|Future Aviators © Tret'jakov National Gallery, Moscow|
|The Defense of Petrograd|
© The Central Museum of the Armed Forces
The show places the artist firmly within his political oeuvre from the outset, however, and opens with his iconic 1928 painting The Defense of Petrograd - propagandist yes, but with its dynamic composition and cinematographic feel, this image cannot fail to fascinate. The Interventionists' Mercenary (1931) is another overtly political painting, but cropped like a snap shot and painted using a limited palette, the image has the power of the best photojournalism - the unflinching stare of the mercenary soldier standing above the corpses of three victims and posing, hand on hip, is genuinely disturbing.
|Race © The Russian Museum, St. Petersburg|
|Roman Road © Tret'jakov National Gallery, Moscow|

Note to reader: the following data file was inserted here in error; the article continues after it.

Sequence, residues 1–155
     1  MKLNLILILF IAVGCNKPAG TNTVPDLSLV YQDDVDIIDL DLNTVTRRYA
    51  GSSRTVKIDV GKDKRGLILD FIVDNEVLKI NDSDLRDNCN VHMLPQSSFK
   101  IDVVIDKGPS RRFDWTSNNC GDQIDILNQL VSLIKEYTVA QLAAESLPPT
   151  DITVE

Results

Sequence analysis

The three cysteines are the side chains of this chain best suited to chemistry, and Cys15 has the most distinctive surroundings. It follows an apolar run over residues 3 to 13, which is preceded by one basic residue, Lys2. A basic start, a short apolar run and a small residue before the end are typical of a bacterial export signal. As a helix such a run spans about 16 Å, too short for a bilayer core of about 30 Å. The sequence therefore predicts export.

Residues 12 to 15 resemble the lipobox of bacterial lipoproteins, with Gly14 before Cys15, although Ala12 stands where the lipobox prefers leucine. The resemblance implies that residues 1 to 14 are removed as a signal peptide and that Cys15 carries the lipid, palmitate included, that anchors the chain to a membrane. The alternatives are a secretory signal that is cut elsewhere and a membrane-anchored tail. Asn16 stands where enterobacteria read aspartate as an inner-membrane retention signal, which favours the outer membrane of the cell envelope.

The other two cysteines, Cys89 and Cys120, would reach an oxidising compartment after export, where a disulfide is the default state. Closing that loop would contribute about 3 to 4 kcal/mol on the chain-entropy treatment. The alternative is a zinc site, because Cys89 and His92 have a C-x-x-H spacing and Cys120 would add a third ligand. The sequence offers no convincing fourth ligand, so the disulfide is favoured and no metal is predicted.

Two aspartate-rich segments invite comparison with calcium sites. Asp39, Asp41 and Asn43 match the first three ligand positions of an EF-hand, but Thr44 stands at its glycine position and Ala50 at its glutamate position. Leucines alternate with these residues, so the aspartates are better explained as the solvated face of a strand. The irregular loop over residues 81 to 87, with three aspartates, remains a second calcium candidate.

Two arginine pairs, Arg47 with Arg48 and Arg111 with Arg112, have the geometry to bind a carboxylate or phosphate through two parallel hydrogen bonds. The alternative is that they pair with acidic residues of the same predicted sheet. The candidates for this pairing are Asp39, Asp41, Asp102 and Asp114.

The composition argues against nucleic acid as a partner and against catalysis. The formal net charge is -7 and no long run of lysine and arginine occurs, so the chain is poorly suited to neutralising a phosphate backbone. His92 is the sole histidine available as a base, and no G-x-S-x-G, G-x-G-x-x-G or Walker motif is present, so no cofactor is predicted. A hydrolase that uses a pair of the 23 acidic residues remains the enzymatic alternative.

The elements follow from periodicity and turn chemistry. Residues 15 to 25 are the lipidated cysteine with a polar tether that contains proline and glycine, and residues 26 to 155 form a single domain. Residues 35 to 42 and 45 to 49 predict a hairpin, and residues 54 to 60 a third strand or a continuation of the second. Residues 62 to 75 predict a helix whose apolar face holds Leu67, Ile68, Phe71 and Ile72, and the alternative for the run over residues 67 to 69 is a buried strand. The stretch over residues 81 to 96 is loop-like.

With over eighty pieces of work on display including not only paintings, but also graphic work such as posters and illustrations, bronze sculptures, as well as mosaics and a fascinating and highly effective video installation look at the oval mosaic ceiling panels at the Moscow Mayakovskaya Metro Station, this is a hugely enjoyable exhibition that I'll be returning to several times during its run. Highly recommended!
Aleksandr Deineka: Soviet master of modernity is curated by Irina Vakar, Elena Voronovič and Matteo Lafranconi and continues at the Palazzo delle Esposizioni until 1 May 2011.
Copyright on all images in this post as indicated (web-resolution, fair use rationale).